Make Your Best Dortmunder Export

The Dortmunder export is the Cadillac of pale lagers. Longtime homebrewer Josh Weikert shows you how to make your best!

Josh Weikert Feb 19, 2017 - 7 min read

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In case you haven’t noticed, this is the time of year I like to brew my pale lagers. I got into the habit before I had real refrigerant-fueled temperature control and had to rely on the cold-spot-in-the-basement-near-the-sump-pit routine. I noticed that I was able to get away with a little more in terms of warmth when I was making the amber and darker lagers and there was some caramel or roast to hide behind, so we brewed those as we approached spring. But for the pale lagers, I really needed the coldest temps I could manage to ensure they didn’t show a whiff of esters. Well, I eventually secured a chest freezer to act as a fermentation chamber, but by then I was sort of used to thinking “pale lager” when the February and March snowstorms hit and I had the time to dive into them. And when we think of “pale lager,” we should really think of the Cadillac of pale lagers: the Dortmunder export.


When I described this beer to someone once, I said that it was like a strong German Pilsner. Their response was, “Then how is it different from a Maibock?” It stuck in my memory because it was a pretty astute observation, and the answer is that although they share some attributes (a strong-ish but not strong lager, pale, a bit more hops than their darker cousins), the difference is in the balance of the attributes. Maibock is rounder and maltier than the export, despite their similarity in grist. In a Maibock, the hops are there to ensure the beer doesn’t get too sweet—in the export, they’re there as a flavor all their own as well.

The Dortmunder export is just as pale as…well, okay, maybe not quite as pale as a German Pils, but it’s close. It shouldn’t get anywhere near the “orange” range, and I’m not even especially comfortable with it in the “gold” range, either. Don’t give this beer any excuse to darken. It should be light and crisp with a bit of alcohol warmth, a great bready malt flavor, and moderate levels of noble hops spice and flowers. Of those, I’m going to suggest that you focus on ensuring there’s plenty of alcohol—without it, the beer will seem like any other pale lager. The trick is to make sure there’s a flinty quality that accentuates the bittering—without it, the sweetness from the alcohol and the richness of the malt will become too much, and now you’re back in Maibock territory. Like many beers, this one’s a bit of a balancing act, but also like most beers, there’s an approach to increase your odds of getting that right balance!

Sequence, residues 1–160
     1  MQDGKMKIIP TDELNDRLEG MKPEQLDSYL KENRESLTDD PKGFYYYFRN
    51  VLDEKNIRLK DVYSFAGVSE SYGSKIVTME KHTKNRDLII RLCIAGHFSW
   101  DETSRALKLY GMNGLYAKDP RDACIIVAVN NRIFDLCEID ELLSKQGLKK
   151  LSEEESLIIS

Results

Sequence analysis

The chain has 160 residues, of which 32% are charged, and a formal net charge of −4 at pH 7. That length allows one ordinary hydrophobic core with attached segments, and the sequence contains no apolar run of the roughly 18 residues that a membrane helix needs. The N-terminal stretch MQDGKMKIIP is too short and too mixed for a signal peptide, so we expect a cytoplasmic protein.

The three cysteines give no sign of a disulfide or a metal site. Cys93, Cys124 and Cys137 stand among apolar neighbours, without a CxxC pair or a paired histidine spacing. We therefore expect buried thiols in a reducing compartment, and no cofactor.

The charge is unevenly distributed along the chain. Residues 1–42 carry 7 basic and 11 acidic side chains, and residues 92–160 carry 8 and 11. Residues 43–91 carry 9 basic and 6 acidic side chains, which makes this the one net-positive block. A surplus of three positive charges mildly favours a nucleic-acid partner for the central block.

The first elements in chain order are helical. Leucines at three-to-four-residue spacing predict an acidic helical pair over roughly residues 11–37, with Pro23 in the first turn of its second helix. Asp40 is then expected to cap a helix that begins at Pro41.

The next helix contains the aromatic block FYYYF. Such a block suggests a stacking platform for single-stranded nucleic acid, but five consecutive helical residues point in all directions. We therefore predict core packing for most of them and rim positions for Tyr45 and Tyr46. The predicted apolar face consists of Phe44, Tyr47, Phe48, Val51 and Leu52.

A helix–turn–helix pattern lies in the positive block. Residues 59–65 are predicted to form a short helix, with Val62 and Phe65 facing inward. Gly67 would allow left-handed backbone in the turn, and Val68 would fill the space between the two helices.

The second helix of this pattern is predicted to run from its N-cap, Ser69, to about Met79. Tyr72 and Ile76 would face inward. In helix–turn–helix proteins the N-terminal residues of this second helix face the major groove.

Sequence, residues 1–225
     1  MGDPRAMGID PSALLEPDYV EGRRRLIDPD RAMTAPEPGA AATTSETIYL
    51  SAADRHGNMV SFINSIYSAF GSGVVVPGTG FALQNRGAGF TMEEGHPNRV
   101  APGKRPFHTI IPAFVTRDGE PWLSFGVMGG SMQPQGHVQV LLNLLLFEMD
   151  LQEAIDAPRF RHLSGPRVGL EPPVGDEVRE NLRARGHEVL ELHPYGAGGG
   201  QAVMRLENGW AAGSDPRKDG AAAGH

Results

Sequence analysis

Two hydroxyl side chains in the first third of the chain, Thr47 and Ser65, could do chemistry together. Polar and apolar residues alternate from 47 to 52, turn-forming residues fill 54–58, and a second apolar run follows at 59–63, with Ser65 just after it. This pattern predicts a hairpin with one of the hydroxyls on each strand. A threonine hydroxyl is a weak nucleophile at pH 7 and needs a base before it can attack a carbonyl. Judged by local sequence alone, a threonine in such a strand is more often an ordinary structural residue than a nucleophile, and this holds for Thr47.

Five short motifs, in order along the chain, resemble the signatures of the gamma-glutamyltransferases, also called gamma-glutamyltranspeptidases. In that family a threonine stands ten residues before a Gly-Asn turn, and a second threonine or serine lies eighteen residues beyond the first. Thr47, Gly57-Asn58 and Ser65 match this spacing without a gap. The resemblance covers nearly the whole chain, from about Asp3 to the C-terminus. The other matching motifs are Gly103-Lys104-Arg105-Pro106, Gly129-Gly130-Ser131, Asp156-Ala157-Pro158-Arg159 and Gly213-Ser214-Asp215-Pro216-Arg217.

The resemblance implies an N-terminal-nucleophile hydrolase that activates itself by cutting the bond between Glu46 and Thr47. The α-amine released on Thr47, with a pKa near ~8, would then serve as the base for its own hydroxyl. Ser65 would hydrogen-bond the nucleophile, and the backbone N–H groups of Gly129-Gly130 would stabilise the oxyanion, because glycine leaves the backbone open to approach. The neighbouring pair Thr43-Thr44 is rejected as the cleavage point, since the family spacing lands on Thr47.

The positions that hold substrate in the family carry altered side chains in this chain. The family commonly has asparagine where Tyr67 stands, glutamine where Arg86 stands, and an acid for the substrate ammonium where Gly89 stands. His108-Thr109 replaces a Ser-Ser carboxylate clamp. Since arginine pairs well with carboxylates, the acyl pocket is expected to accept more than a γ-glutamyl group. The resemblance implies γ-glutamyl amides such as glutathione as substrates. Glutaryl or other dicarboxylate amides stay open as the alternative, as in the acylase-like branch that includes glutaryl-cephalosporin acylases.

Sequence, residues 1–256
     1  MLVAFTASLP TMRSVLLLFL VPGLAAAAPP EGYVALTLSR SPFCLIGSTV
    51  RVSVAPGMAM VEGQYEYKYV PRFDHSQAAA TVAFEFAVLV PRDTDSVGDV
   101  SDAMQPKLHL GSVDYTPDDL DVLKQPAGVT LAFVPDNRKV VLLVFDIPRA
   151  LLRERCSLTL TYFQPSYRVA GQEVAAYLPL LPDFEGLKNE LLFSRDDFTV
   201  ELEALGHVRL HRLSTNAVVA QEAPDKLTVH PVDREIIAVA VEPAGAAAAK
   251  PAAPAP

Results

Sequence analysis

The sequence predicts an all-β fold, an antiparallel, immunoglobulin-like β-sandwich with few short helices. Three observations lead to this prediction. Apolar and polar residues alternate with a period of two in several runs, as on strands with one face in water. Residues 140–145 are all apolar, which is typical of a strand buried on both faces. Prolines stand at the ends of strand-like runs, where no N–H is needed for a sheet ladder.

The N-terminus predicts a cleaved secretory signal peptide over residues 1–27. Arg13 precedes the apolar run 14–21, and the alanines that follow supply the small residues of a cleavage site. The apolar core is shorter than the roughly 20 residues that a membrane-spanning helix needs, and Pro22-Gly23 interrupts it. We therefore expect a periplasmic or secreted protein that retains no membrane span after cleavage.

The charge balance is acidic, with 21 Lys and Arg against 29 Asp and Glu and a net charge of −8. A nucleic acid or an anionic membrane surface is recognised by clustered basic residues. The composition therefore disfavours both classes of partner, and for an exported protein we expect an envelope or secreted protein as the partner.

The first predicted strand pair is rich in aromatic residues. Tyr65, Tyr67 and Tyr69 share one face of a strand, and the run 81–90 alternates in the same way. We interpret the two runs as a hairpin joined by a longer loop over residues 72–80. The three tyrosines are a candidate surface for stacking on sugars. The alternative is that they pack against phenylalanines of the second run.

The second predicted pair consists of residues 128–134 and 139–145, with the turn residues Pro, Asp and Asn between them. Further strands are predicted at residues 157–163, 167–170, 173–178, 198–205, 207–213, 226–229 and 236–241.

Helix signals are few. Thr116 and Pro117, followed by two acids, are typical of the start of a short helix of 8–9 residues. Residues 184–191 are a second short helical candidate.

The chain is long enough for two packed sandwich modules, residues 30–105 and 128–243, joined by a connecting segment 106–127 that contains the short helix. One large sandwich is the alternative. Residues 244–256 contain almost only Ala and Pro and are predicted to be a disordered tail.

It’s “all base grain” time—don’t worry, you’ll have plenty of character, and if you don’t, it’s an easy fix. Start with about 9 pounds (4.8 kg) of German Pilsner malt, and then add 2 pounds (907 g) of Vienna and 1 pound (454 g) of Munich. That’s it. I find that this grist bill gives me all kinds of good bread/biscuit malt background flavors without being too heavy, but if you feel like it’s too Spartan, you can add in about ¼ pound (113 g) of Melanoidin or Victory malt to bulk it up (though, as I say, try it without!). In addition to those nice grainy flavors, you’ll also get about 6 percent ABV, which you’ll taste (even at that moderate level) since there’s not much to hide behind.


Hopping is pretty aggressive, too (for a pale lager, anyway). Adding 1 ounce (28 g) of Hallertau at 60, 30, and 5 minutes should yield about 30 IBUs (assuming an alpha acid percentage of about 4−4.5 percent), and impart lots of hops flavor and aroma, along with the bittering qualities.

Then we need yeast—something that will ferment clean and bright and stay out of the way of the hops. Whatever you use for your German Pilsner should work—Wyeast 2124 (Bohemian Lager) is a good choice.


Here’s the thing about the process in this beer: I always use ¼ teaspoon of gypsum in the mash. I have just a shade under medium-hard water, and it’s okay without it, but with the gypsum this beer really sings. It’s up to you, and I don’t typically recommend water adjustment (a less promising risk/reward calculation than I’m comfortable with, generally), but here, much like in my English pale ales, I think it’s worth it. Unless you’re working with noticeably hard water, I think it adds more than it detracts, and you’ll really taste and feel the difference.

Aside from that, nothing much to see here. Mash at 152°F (67°C), boil, and chill. If you’re usually lax with your oxygenation regimen, give it more attention with this beer: lots of oxygen and a healthy yeast pitch will go a long way toward making this beer turn out well. Ferment cool—50°F (10°C) is fine, and you can/should increase to about 60°F (16°C) after a week or so to help the beer finish nice and dry and sulfur-free (though a bit of sulfur works here, too). Then package, carbonate, and…wait. In 2 weeks or so, it’ll be good. In 4 weeks, it’ll be better. In 6 weeks…well, you’ll see. It ages wonderfully, and you’ve given it lots of hops flavor and aroma to survive the lagering process. I’ve kept bottles of this for well over a year, and they take on an incredibly rich cereal-grain flavor over time, and although the bitterness fades and the floral character goes away, it never seems to end up like some kind of half-assed Maibock. The good people of Dortmund really knew how to make a unique beer.

In Closing

This beer holds a special place in my heart, too, because it was one of two beers that my father and stepmother chose to have brewed for their wedding. It was a wonderful day—we poured five gallons (19 l) of this in less than an hour, and the reception was off to a rollicking start. I hope it turns out as well for you!

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